Social Hardware is providing a solution to a unique problem in the country. What was the inspiration behind starting a company that manufactures prostheses?
On an average, 23,500 Indian citizens suffer upper limb amputation every year adding to the existing growing number of 3 million arm amputees across the globe. Increasing geriatric population with a high prevalence of chronic diseases, rising accidental incidents amongst developing communities is another ascending problem. Even though almost 70% of India’s population lives in rural areas, where the highest rate of amputation occurs, the prosthetics available does not focus on hygiene, durability, distribution and cost-effectiveness. To counter these problems, I and Cameron Norris, Co-founder, began Social Hardware. Cameron has a background in open-source hardware and digital marketing for tech start-ups, while I have a background in biomechanics and human engineering learning.
What were the challenges that you faced during the initial years of your inception?
We began our journey in late 2016. For the first year of the project, we were entirely self-funded and had bootstrapped our way into constructing a proof-of-concept prototype. After the proof-of-concept prototype was completed, we applied for incubation at iCreate International Centre for Entrepreneurship and Technology in Gujarat, which provided us with the support and investment needed to set up Social Hardware.
What all technologies and processes are involved in this process of ensuring low-cost manufacturing and free-of-cost end product being fitted on to the amputee?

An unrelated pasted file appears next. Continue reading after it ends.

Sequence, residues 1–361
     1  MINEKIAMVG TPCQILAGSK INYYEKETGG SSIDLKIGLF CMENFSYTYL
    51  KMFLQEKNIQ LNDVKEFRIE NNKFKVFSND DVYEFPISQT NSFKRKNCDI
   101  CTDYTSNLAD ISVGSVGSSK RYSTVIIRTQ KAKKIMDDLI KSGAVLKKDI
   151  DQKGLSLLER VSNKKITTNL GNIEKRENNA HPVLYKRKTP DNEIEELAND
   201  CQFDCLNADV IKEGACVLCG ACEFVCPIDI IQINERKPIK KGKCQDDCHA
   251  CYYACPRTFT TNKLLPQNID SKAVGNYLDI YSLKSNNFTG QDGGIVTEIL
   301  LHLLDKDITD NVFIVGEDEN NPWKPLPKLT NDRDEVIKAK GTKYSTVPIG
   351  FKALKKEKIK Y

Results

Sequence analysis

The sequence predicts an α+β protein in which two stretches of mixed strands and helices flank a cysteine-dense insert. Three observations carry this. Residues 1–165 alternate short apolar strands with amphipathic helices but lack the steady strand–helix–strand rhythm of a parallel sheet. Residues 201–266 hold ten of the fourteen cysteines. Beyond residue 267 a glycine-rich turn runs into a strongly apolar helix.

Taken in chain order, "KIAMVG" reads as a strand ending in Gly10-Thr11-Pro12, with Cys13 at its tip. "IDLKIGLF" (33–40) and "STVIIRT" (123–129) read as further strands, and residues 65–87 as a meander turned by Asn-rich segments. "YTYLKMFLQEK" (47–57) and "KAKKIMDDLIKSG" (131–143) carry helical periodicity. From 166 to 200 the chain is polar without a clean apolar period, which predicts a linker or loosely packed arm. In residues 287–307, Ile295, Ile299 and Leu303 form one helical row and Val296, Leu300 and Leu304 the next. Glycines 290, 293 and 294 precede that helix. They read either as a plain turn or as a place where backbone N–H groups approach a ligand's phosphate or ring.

Our goal is to develop a high performance durable upper-limb prosthesis arm designed to be affordable and sustainable in tough working and living conditions using concepts of soft-robotics combined with miniature analogue sensors. The prosthesis is being designed using Autodesk Fusion 360 3D CAD software, which has made it incredibly easy to prepare the product for prototyping and design for manufacturing. We work in collaboration with centres to provide a four-stage rehabilitation package, which involves various rehabilitation procedures and co-designing workshops.
What according to you is your biggest success till date?
Social Hardware holds two design patents over the course of two years, along with being featured in several publications. In the quest to make the product more life-like, we collaborated with Furio Tedeschi, CG Artist for Transformers, & BumbleBee. Initiation of our partnership with Autodesk in 2017-18 has been a huge success for us, they have supported our ‘Democratisation of Prosthetics’ initiative and offered access to the Fusion 360 Indian community environment. Till date, Autodesk has provided us with inputs on design optimisation and manufacturing effectiveness whenever required. We have also partnered with several prime non-profit rehabilitation centres across the country, including the Association of People with Disability, Karnataka and Nevedac Prosthetic Centre, Punjab. Our positive approach with strategic technical insight has allowed us to be ‘technical partners’ for the Association of People with Disability.
What is the main aim of Social Hardware? What are your objectives for the next five years?
Social Hardware believes in the power of frugal innovation. We work with non-profit organisations in APAC countries to provide assistive devices and disability rehabilitation programs to underserved communities in remote or rural areas. Amongst variety of product delivery approach, we also plan to sell our product to the organisations working in the assistive device space while helping them to raise money as well whilst providing the end product to the user free of cost. Our goal for the next five years is to provide in excess of thousand prostheses across APAC regions along with providing appropriate care and services through our care & service centres which have been lacking in the prosthesis industry.